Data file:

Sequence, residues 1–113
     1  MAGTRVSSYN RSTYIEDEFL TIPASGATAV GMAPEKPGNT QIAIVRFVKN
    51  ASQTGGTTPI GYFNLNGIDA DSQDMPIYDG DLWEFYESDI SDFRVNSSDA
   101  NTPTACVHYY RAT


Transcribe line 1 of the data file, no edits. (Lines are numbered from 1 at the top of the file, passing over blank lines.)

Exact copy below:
Sequence, residues 1–113